Over 160 chart singles explain this honorific. “White Lightning,” which launched him into the spotlight, remains one of Jones’ best. Though alcoholism caused Jones to miss some performances until he sought long-term sobriety, his legacy remains strong enough that Jones is also a favorite singer to Johnny Cash.
Willie Nelson was 40 when his 1973 album Shotgun Willie helped make Nelson a household name, exacerbated by the success of Red Headed Stranger and Stardust in ’75 and ’78 respectively. Now known as one of the most prevalent and recognizable artists in country music, Nelson is also an advocate who rescues and cares for horses.
Nelson’s discography includes 71 studio albums, and in addition to being a formative figure in the development of the outlaw country subgenre of music, Nelson is also a film star with over 30 movies to his name. Richards considers Nelson one of his favorite singers after the artist endured the Great Depression and started his craft when he was just seven.
Born as Charles Hardin “Buddy” Holley on September 7, 1936, Holly came from a musical family and grew up during the Great Depression. Just as he is a favorite to Keith Richards, sources of influence for Holly include rhythm and blues, country, and gospel. By the early ’50s, Holly was an opening act for Elvis Presley and knew this was the path for him.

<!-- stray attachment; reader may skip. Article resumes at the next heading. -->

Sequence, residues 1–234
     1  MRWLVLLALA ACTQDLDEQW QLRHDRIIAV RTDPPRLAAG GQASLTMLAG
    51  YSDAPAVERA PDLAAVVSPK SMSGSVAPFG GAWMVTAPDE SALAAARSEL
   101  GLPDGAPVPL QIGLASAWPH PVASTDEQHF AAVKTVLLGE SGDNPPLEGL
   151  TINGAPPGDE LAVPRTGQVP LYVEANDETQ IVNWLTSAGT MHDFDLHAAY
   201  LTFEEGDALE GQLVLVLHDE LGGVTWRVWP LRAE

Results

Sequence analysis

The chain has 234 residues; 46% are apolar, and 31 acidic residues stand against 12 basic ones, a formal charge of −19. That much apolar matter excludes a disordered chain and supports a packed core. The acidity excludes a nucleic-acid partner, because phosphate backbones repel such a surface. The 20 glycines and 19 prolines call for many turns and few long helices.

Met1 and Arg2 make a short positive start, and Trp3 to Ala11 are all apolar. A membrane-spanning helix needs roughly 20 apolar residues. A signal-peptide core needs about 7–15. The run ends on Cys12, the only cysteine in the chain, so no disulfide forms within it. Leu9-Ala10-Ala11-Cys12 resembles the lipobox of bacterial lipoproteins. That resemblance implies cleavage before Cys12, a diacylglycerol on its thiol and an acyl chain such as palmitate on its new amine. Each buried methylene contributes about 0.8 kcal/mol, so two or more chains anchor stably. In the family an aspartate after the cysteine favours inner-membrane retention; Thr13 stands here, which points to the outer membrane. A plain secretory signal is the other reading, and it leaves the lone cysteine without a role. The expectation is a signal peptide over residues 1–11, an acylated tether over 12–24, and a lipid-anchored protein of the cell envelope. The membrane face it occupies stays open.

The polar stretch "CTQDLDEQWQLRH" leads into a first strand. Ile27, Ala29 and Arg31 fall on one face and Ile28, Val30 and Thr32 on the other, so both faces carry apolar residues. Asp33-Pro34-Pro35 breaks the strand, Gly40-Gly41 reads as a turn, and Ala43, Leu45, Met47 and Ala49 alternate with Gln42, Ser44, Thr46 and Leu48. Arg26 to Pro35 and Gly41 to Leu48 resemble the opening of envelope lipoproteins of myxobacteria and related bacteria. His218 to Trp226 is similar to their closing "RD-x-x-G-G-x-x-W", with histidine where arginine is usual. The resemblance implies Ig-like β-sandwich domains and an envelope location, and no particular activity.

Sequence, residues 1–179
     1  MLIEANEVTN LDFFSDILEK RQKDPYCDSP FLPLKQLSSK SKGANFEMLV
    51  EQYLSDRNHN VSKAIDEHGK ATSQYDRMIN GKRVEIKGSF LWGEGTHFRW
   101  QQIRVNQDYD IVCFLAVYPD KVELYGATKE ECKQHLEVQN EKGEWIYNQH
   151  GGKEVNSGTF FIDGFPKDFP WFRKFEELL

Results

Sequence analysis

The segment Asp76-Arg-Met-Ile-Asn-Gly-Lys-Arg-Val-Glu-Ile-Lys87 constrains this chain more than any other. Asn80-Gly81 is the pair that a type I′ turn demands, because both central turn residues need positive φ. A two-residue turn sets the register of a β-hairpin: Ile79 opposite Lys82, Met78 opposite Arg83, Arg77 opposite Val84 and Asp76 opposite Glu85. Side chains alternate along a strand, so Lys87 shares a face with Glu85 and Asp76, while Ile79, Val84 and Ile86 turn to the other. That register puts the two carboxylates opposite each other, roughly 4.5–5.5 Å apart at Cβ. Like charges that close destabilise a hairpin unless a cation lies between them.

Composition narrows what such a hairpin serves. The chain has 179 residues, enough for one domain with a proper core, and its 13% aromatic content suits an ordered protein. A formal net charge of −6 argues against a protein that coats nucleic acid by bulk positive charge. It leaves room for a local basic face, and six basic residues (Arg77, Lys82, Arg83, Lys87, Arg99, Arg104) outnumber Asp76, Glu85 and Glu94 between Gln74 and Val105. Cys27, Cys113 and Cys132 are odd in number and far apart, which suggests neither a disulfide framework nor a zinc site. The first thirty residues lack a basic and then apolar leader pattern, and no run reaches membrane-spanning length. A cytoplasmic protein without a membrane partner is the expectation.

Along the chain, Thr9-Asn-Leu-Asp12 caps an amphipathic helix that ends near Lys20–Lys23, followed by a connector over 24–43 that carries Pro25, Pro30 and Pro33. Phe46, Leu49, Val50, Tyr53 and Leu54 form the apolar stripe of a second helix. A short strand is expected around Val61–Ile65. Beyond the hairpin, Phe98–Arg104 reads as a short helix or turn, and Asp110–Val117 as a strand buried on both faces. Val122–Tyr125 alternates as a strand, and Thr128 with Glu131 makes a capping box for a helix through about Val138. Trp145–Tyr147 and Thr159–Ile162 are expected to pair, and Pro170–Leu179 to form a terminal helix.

Holly became a frequent sight on television since 1952, starting local before appearing on The Ed Sullivan Show. By 1957, his album The “Chirping” Crickets reached #5 on the UK Albums Chart, making the British Invasion more like a cultural exchange in the early years. Indeed, Holly is credited as a major source of inspiration and influence for many key players in that era of music, including the Rolling Stones, the Beatles, Elton John, and Eric Clapton. That’s not even including his influence outside of the British Invasion bands; he also influenced Bob Dylan and Elvis Costello. It seems safe to call Holly a favorite singer to many people besides Richards.
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Born in ’41, Aaron Neville is still with us today even though he is technically retired. To date, the R&B artist has four platinum albums and four Top 10 chart-toppers in the United States. Neville started as a regional hit in his native New Orleans.
Today, Neville is technically retired and has formed a musical family of his own; his son Ivan has an album entitled If My Ancestors Could See Me Now, which boasts the Top 40 hit “Not Just Another Girl.” Keith Richards got to play alongside the son of one of his favorite singers when Ivan played keyboard for him during his first solo tour.
Reggae pioneer Toots Hibbert was born in Jamaica in 1942 and went on to become the singer-songwriter for Toots and the Maytals. In addition to netting a Grammy Award for the band’s album True Love, Hibbert is also credited with likely giving the reggae genre its name with his 1968 song “Do the Reggay.”